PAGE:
hiking essentials part 4, motivation – ready, set, hike

A journey of a thousand miles must begin with a single step

lao tzu
Definitions for “Hiking” include: the activity of going for long walks, especially in the country or woods (Oxford Dictionaries), “to go on an extended walk for pleasure or exercise, especially in a natural setting” (The Free Dictionary), “walking in nature as a recreational activity” (Britannica). 

There is no special training for hiking, unless it is for long-distance, significant elevation gain, or overnight backpacking. As you can see from the definitions above, hiking is essentially long walks in the woods. Sometimes though, work and other life commitments can get in the way of you spending time outside and, among other things walking or hiking. However, many studies have shown that spending time outside reduces stress and improves overall health. I believe all we need is a little push and motivation from time to time to get us moving. Here are a few tips to get you started.

  1. A buddy system works well for me. If possible, find a friend who has a similar goal to hike or walk with you. Recently our friend group did a 10,000 steps per day challenge for March. It was a great way to get us walking outside and building up some endurance for longer hikes. The person on the top of the leader board ended up with 600,000+ steps. For an average person, a mile equals about 2000 to 2500 steps.
  2. Join or form a walking/hiking group. A few of us in the group own the same brand of activity tracking device so we can connect via the activity app. We can view each other’s activities and give a gentle nudge when necessary. This will work particularly well if you are competitive, or it may bring out the competitive side of you.
  3. Start easy and look for local trails. Start with walking around your neighborhood, and take the opportunity to walk instead of drive whenever possible. For example, I would walk to the library or get my bubble tea fix which is about 2.5 miles round trip from home. I have also walked back after dropping my car off for service which was a little over 3 miles away. Invite your family to do the same and before you know it, everyone will begin a new healthy habit.
  4. Put it on your daily schedule. Whether you are working in the office or at home, schedule a walk during your break whenever possible. You may even be able to work outside on a nice day.
  5. Plan a road trip or vacation to the outdoors. The urban concrete jungle does not appeal to me anymore. I love hiking, walking, camping, road trips to National Parks, and seeing the natural beauty of what Earth offers.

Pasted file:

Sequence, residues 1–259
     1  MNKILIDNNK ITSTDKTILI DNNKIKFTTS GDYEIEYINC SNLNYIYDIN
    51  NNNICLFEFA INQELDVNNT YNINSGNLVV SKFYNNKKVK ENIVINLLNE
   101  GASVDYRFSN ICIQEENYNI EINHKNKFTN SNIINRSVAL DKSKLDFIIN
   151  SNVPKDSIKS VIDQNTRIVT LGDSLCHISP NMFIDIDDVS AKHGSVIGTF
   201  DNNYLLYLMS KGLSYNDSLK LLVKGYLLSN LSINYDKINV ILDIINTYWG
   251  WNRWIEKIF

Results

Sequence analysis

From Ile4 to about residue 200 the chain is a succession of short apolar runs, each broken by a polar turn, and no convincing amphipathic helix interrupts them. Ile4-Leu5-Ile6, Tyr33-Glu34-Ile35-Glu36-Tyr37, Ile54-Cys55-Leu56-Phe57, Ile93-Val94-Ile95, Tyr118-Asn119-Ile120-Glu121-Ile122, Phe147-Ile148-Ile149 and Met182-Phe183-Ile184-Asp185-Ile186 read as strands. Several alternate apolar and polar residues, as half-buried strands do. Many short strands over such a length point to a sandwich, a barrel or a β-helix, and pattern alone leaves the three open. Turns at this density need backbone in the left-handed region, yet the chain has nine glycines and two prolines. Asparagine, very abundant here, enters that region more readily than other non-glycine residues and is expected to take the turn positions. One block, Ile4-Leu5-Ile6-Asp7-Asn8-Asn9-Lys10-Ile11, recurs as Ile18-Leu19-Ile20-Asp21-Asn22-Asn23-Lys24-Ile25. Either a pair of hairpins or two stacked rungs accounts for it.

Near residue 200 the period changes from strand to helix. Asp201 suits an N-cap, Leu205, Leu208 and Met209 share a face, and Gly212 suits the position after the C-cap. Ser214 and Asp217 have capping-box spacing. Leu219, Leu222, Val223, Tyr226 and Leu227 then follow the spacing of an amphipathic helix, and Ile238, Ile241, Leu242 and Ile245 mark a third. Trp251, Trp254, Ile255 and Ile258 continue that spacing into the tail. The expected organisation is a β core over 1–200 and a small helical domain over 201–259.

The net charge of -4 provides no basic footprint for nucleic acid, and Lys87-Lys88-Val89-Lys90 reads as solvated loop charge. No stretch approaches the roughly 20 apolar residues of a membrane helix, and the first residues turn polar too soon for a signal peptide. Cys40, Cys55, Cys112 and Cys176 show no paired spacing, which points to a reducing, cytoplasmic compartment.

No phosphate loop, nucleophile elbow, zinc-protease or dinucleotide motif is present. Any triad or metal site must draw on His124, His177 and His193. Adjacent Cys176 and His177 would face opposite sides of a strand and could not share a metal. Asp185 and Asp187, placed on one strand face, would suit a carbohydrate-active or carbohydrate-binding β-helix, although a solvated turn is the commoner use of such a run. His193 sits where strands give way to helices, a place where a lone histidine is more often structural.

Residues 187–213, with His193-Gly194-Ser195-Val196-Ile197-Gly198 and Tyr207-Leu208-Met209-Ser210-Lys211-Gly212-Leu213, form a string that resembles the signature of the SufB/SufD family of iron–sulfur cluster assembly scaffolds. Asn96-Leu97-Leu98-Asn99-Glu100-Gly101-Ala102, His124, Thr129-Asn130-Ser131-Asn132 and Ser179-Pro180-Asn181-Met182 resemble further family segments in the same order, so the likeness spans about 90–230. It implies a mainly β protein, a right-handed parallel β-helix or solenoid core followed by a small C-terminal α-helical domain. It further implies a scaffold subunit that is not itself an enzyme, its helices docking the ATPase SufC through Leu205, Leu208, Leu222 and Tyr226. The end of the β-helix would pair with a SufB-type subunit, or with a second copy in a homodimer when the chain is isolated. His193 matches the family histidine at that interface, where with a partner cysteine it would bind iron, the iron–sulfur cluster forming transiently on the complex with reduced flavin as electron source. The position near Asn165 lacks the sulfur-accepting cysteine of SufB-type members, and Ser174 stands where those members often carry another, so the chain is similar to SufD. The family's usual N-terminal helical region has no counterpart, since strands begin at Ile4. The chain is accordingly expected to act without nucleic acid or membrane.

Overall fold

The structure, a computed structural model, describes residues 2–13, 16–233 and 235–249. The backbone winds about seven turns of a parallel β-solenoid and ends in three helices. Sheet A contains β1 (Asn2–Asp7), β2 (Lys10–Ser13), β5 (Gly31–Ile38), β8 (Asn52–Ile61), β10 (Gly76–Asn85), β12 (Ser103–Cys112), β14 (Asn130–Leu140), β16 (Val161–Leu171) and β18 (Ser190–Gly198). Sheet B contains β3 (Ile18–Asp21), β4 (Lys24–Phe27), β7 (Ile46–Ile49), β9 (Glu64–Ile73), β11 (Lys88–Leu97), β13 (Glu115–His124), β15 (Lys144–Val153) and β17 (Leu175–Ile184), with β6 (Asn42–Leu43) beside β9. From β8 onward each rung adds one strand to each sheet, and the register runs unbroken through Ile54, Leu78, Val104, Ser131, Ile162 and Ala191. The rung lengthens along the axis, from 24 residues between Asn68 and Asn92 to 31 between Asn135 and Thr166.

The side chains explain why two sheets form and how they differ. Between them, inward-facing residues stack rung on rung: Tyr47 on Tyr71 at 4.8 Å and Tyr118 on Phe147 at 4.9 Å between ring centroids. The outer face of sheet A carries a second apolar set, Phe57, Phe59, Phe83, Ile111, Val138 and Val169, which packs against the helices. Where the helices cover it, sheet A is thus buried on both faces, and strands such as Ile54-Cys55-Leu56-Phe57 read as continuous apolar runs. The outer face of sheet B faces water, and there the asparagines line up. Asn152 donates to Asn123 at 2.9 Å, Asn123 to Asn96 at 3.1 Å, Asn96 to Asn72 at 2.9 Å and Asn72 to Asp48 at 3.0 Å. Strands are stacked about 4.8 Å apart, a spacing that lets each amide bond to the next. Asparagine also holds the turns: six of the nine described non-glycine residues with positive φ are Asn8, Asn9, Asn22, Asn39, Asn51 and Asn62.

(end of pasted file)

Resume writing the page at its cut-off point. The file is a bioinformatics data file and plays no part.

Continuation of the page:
6. Keep a to-hike list. Most of the hiking apps allow you to save trails that you want to hike in the future, or you can make your own list for quick search and planning. Other suggestions to add to the list are botanical gardens, local neighborhood parks, state parks, and beaches.
  7. Last but not least, just go out there and do it.

We are lucky to live in the Pacific Northwest where we can hike all year round, be it under the sunny blue sky, rainy day, snowy day, cloudy day, sunrise, sunset, day, or night. Although I miss international travels, this past year with the pandemic left us with plenty of time to explore in the US. Here are some of the places that we explored and maybe you will get some inspiration to go outside.

We visited Mount Rainier National Park several times in the summer and winter, hiking and snowshoeing. Mount Rainier, looming high at 14,410 feet above sea level, is the most glaciated active volcano in the contiguous U.S.A. This was taken when we hiked the Glacier Basin trail overlooking Emmons Glacier.

Fourth of July camping at a dispersed campsite in the Gifford Pinchot National Forest. This was the ‘backyard’ of our campsite.

An incredible end of summer road trip to Utah. You can read more about this trip on my older post here.

We went on some beautiful fall hikes both in the mountains and local parks, immersing ourselves in those vibrant fall colors.

Winter getaway to Winthrop, WA. What better ways to beat the winter blues than hotpot, and sitting around a cozy fire surrounded by nature and friends? We arrived at the beautiful cabin almost 5 hours later, driving through snowy mountain passes and picturesque highways. There was no shortage of winter outdoor activities in Winthrop. We walked, biked on the snow-covered winter trails, and even sled down icy hills.

First camping trip of this year to Deception Pass State Park, WA with my son. We were blessed with two beautiful days to hike the trails in the park and surrounding areas.

We spent Easter weekend camping in Fort Stevens State Park right on the Oregon coast. This is a beautiful park with a long stretch of coastline to walk on.

Spring is here, bringing warmer temperatures and longer days. There is no better time than now to start hiking or venture outside. I had originally intended to write 2 posts for this series but continued with 3 and 4 because I felt I had more information to share. Hopefully, you are now equipped with some basic knowledge and essentials to hit the trails. Don’t forget to give us a follow on Instagram and get some inspiration for your adventures. Happy trails!

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